For counting the atoms in the unit cell and the supercell it is probably easier
    and clearer to use a generator expression rather than a for loop:

    max_unit_cell = max(len(c.atoms) for c in unit_cell.components)
    min_unit_cell = min(len(c.atoms) for c in unit_cell.components)

    This, though, is purely a matter of taste.

    May I ask what is the nature of the research you are doing?  

    Best wishes,
    Richard


  • RE: finding covalently bonded clusters in crystal structures

     Hi Xiwen,

    I think the approach I would take here is to identify the atoms of interest in the unit cell, remove those not of interest and place the molecule back into the crystal:

    For definiteness, I'll write an example from the CSD refcode AXOHOL, which is a Vanadium-Tellurium-Oxygen polymeric structure.  I've put extensive comments on the lines of code, so I hope everything will be clear.

    from ccdc import io # import the input-output module
    csd = io.EntryReader('csd') # This is the whole, current CSD
    axohol = csd.crystal('AXOHOL') # This pulls out the crystal given its refcode.  

    unit_mol = axohol.molecule
    heaviest = unit_mol.heaviest_component # This strips out the solvent molecule

    axohol.molecule = heaviest # Replace the crystal's molecule with the desolvated molecule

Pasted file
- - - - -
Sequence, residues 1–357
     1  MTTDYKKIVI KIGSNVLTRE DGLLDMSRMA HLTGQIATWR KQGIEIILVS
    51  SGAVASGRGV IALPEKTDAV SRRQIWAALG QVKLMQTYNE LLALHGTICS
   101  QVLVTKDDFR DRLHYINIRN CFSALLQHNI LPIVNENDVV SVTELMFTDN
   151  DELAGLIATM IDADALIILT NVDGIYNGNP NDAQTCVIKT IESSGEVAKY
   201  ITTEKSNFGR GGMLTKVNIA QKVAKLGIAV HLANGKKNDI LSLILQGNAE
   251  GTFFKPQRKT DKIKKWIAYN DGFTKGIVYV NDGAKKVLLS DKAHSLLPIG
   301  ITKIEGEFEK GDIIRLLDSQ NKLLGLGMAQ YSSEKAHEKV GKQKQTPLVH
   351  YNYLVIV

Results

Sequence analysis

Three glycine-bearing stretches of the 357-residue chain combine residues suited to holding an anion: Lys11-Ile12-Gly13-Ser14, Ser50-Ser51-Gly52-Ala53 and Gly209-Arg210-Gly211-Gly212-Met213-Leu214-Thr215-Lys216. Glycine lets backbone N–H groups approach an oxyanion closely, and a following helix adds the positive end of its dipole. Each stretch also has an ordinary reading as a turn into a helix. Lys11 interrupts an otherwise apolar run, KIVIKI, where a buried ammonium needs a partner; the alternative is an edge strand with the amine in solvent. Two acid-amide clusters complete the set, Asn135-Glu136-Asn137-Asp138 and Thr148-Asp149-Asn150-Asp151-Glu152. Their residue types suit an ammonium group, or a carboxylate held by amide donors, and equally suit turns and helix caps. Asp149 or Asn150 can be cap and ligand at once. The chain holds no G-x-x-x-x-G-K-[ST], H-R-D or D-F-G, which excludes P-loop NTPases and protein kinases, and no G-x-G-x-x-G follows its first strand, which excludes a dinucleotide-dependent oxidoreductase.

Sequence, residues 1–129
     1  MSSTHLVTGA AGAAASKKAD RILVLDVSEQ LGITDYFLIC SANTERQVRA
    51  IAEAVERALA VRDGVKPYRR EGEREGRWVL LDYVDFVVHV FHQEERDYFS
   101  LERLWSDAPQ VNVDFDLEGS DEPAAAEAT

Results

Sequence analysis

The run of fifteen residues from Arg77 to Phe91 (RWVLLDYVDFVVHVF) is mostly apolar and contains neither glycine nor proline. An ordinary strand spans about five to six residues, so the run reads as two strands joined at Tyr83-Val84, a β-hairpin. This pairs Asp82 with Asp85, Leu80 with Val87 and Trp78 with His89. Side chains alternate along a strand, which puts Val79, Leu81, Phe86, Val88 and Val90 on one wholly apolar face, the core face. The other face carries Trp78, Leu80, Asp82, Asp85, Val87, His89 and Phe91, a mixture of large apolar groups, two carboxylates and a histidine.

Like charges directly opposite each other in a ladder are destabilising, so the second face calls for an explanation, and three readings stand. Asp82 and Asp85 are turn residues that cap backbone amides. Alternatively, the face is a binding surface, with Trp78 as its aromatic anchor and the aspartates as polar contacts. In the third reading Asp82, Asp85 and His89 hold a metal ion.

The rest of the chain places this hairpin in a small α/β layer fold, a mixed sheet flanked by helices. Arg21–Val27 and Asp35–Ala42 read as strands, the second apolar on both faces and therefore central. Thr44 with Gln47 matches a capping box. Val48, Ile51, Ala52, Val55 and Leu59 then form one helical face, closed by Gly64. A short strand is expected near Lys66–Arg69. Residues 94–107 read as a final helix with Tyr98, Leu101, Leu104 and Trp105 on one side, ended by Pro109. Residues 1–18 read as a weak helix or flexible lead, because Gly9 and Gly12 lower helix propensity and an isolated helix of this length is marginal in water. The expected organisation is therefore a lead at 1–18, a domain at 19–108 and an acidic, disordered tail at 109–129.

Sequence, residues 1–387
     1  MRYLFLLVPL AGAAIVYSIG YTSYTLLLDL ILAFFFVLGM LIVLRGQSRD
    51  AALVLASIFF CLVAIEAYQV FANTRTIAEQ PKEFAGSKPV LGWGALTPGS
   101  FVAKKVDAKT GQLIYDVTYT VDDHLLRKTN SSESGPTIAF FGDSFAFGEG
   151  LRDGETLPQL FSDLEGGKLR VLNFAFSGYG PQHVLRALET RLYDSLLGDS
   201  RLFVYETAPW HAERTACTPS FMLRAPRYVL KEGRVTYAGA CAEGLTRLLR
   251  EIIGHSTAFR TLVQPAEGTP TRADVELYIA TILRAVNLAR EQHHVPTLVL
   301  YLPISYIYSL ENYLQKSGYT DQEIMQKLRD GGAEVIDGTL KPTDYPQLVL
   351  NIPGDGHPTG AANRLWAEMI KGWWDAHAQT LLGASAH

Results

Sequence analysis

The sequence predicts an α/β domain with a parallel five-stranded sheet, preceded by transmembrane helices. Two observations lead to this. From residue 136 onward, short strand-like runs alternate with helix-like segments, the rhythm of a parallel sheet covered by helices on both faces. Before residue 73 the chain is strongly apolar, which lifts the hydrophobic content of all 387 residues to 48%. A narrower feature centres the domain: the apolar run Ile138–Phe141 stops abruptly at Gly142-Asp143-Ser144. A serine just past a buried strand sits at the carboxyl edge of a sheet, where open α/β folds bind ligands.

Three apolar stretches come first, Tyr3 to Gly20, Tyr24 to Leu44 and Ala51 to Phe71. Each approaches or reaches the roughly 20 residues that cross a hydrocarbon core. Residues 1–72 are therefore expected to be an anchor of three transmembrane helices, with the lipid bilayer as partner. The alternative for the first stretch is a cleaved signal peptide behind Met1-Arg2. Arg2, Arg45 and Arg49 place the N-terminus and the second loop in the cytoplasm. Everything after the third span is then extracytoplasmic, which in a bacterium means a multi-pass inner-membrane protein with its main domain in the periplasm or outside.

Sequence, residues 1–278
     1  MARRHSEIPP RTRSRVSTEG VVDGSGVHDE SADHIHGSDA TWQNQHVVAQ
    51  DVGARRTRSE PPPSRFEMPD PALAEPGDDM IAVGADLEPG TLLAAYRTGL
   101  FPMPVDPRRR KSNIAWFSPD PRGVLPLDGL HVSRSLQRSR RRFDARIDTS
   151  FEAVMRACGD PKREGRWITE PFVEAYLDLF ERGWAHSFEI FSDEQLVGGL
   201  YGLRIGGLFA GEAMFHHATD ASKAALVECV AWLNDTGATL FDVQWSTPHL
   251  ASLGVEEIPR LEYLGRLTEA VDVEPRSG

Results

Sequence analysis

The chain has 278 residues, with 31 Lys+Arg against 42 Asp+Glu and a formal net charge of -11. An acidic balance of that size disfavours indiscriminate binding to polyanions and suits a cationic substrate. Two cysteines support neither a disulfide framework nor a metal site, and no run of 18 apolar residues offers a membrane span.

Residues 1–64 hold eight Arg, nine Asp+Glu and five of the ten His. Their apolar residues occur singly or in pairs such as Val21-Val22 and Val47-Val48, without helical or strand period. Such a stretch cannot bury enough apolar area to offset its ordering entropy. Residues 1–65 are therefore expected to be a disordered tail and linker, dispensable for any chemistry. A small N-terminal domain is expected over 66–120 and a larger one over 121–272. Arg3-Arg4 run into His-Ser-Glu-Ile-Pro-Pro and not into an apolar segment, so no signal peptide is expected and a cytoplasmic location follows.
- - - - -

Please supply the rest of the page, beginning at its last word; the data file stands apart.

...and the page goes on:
Now we can make the symmetry expanded representation:

    from ccdc import molecule
    shell = molecule.Molecule('SHELL') # Create a new, empty molecule

    expansions = [
        axohol.symmetric_molecule(symmop,(i,j,k))
        for symmop in axohol.symmetry_operators
        for i in range(0,2)
        for j in range(0,2)
        for k in range(0,2)
    ] # This is exactly as you wrote

    Now add the molecules to the shell:

    for mol in expansions:
        shell.add_molecule(mol)

    Now the shell contains all the atoms of the super-cell.  However, because there may be atoms lying in special postions, which is the case with AXOHOL, we must take care to remove duplicate atoms from the super-cell.  We will determine uniquness by atoms of the same element lying in the same position:

    from collections import defaultdict
    unique_dict = defaultdict(list)
    for a in shell.atoms:
        unique_dict[(a.atomic_symbol, str(a.coordinates))].append(a) # I use str() on the coordinates to avoid rounding errors failing to catch duplicates

    Now any we can remove the duplicates:

    shell.remove_atoms(
        a for l in unique_dict.values() for a in l[1:]
    )

    Now we can make any extra bonds according to your criterion.  We could remove all bonds first, but I think what is more reasonable is to create a bond between the symmetrically related components, where there are two atoms close enough.

    from ccdc.descriptors import MolecularDescriptors

    to_be_bonded = [
        (a, b) for a in shell.atoms for b in shell.atoms
        if a.index < b.index
        and a not in b.neighbours
        and MolecularDescriptors.atom_distance(a, b) <= 2.21 # This is the ideal bond length for V-O bonds
    ]


    shell.add_bonds(('Single', a, b) for a, b in to_be_bonded)

    And now we can get the heaviest component of the super-cell:

    super_heaviest = shell.heaviest_component

    writer.write(shell)

    Please let me know if this works for you, and do not hesitate to come back with further questions.

    Best wishes
    Richard